HK Honey is an organisation of Hong Kong Beekeepers, Artists & Designers who aim to communicate the value of bees to the human food chain. They produce local honey, beeswax products and run beekeeping workshops.
On a recent visit to Hong Kong we visited the product designer and founder of HK Honey Michae Leung at Shanghai Street Studios. We talked about the work that happens there, product design and manufacture in and around Shanghai Streets, the ideas behind his HKSalt project (a project inspired by Gandhi’s salt march of the 1920’s) and his experience working as a designer, beekeeper and urban farmer high above one of the world’s busiest and most diverse cities in the world.
The sheer amount this guy gets up to it’s no surprise he finds an affinity with the hardest working creatures on the planet.
Western beekeepers seem a little hysterical. With their netting and gloves and beekeepers’ hats and smokers. Rural beekeepers in China adopt a more Taoist method: Stay calm, move slowly, and leave the protective gear behind. HK Honey, keeps bee farms on rooftops throughout Hong Kong. The goal, says Michael (who has only been stung a few times), is to reacquaint city dwellers with nature, one hive at a time.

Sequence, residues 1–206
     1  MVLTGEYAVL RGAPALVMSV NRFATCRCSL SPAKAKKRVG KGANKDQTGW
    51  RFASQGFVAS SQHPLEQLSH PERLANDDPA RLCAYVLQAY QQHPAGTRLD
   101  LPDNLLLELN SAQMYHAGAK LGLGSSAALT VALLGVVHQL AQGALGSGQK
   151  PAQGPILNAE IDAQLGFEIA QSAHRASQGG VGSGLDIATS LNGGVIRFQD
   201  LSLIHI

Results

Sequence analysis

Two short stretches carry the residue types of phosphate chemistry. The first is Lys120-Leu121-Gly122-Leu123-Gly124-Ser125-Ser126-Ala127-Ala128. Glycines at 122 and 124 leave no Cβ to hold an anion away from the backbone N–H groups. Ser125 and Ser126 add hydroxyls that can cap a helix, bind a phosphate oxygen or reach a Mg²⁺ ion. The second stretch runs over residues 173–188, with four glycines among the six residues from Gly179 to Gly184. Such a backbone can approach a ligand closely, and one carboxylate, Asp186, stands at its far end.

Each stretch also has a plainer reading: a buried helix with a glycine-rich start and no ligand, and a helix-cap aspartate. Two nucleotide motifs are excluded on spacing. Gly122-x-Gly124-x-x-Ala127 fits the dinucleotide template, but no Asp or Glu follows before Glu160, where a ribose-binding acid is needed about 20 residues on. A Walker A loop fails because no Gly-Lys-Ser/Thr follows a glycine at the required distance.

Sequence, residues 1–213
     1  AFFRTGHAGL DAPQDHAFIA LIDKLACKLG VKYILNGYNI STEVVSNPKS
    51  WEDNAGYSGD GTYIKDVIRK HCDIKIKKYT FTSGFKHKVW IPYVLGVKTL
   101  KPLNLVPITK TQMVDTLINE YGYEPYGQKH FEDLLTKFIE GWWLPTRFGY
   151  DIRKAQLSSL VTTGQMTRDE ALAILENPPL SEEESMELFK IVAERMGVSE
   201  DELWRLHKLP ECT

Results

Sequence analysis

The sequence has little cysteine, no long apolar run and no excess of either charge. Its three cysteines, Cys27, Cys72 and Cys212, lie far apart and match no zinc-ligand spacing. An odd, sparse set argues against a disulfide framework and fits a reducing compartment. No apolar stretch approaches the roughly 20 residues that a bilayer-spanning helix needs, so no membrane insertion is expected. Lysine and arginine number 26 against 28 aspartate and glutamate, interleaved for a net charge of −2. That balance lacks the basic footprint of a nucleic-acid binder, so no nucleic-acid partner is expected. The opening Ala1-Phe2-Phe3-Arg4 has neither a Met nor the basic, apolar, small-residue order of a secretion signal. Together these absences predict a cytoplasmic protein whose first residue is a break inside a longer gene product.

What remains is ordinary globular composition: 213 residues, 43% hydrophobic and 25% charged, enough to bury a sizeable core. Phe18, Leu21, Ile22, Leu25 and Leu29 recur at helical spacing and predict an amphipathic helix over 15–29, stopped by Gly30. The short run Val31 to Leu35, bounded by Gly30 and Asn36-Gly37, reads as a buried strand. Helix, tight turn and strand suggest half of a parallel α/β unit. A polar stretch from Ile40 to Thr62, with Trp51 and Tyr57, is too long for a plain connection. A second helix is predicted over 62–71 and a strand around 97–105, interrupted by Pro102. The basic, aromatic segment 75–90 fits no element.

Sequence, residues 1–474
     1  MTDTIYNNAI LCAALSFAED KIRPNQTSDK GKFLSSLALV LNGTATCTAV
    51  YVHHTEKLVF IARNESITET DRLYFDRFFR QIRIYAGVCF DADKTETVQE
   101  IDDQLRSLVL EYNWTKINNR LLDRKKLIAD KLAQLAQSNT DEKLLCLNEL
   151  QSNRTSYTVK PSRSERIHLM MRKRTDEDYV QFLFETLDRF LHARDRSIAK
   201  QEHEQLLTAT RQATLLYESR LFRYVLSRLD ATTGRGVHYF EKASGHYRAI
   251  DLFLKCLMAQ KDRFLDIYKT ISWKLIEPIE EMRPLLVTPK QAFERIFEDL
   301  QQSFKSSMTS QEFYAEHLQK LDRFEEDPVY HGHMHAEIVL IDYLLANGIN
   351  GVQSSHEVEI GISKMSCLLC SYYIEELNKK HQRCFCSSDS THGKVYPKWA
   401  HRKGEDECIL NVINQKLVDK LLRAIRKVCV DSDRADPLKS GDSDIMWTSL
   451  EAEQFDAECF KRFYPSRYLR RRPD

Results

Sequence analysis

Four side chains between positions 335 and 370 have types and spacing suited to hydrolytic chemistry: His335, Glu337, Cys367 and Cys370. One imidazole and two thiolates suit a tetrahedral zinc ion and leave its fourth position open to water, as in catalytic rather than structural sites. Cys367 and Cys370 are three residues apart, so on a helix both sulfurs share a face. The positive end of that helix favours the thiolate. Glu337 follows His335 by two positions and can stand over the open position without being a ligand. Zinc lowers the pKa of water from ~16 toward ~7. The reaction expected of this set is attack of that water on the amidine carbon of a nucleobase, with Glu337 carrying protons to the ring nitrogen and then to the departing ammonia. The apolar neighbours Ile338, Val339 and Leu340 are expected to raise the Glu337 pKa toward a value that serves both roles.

Urban beekeeping is happening and encouraged in cities all around the world. Once you begin to learn about the workings of the hive for the production of honey and the instinctive cast system that has worked for between 40–100 billion years; the fascination with this group of social insects or superorganism become infectious.
Beekeeping has been recorded in written form in Ireland from as early as 600-700AD; The World History of Beekeeping and Honey Hunting is worth a read; you can find it here on google books; it has examples of bees linked with international trade and commerce dotted through history.
We are inextricably linked to the honey bee population who’ve lived through it all, co-operating and providing for the group as a group and to protect the next generation
at all costs. There is a lot to be learned from the lessons of beekeeping and it connects us with our natural world in a very surprising way.
Photos by Glenn Eugen Ellingsenlen